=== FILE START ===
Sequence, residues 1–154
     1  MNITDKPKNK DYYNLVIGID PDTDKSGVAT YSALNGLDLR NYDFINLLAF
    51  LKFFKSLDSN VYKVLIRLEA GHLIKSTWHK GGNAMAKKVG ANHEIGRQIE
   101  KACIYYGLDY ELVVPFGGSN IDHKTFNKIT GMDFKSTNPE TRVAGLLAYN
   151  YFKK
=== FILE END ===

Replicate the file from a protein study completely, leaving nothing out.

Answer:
Sequence, residues 1–154
     1  MNITDKPKNK DYYNLVIGID PDTDKSGVAT YSALNGLDLR NYDFINLLAF
    51  LKFFKSLDSN VYKVLIRLEA GHLIKSTWHK GGNAMAKKVG ANHEIGRQIE
   101  KACIYYGLDY ELVVPFGGSN IDHKTFNKIT GMDFKSTNPE TRVAGLLAYN
   151  YFKK